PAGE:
L.H. Bailey on Pruning

November 22, 2011 at 5:07 pm

Of all the operations connected with horticulture, pruning, shaping, and training bring the person into closest contact and sympathy with the plant. One directs and cares for theplant tenderly and thoughtfully, working out his ideas as he would in the training and guiding of a child. There are some persons, to be sure, who cannot feel this sympathetic contact with a plant: they are the ones who, if they prune at all, use an axe or machete or a corn-knife. If a person cannot love a plant after he has pruned it, then he has either done a poor job or is devoid of emotion. It is a pleasure to till the soil and to smell the fresh crumbly earth, but the earth does not grow; it is still a clod. The plant responds to every affectionate touch. – L.H. Bailey, The Pruning Manual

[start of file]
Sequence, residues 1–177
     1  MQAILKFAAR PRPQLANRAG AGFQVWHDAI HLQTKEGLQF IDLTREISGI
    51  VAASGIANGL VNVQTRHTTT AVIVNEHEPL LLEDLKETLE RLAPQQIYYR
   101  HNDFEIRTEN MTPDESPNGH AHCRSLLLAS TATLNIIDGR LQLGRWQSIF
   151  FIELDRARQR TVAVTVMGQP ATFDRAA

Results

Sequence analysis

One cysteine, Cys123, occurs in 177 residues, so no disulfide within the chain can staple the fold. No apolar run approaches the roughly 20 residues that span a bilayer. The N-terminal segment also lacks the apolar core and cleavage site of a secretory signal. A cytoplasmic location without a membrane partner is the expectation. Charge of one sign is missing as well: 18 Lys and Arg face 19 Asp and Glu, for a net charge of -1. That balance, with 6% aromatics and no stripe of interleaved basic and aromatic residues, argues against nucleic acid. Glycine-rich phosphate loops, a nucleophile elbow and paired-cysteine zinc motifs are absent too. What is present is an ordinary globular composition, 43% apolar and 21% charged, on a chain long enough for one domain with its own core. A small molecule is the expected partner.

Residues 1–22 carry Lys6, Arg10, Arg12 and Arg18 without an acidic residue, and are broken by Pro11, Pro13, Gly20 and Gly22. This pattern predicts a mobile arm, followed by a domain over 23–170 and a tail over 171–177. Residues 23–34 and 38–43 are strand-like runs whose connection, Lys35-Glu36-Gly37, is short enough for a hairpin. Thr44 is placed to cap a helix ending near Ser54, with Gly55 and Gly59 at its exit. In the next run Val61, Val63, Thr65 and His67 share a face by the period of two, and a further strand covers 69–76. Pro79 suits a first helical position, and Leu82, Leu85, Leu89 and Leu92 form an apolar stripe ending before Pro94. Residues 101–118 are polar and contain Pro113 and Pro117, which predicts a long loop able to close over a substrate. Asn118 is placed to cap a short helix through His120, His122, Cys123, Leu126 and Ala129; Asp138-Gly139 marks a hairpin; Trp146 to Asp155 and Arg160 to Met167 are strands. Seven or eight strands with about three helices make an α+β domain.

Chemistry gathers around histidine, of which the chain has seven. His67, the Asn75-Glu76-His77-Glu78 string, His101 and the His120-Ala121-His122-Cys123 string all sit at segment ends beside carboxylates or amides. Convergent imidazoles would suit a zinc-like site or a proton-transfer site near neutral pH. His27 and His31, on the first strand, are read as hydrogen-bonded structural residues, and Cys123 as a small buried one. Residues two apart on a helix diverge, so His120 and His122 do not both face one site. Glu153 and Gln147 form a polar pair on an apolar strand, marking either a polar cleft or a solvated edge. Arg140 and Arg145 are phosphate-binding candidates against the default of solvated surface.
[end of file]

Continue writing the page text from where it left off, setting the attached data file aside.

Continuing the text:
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1 Comment

  • Richard says:

    I never thought of pruning in this way. This is an example of what I like about Professor Bailey. He has such a wonderful and unique way of looking at the world of horticulture and of life.

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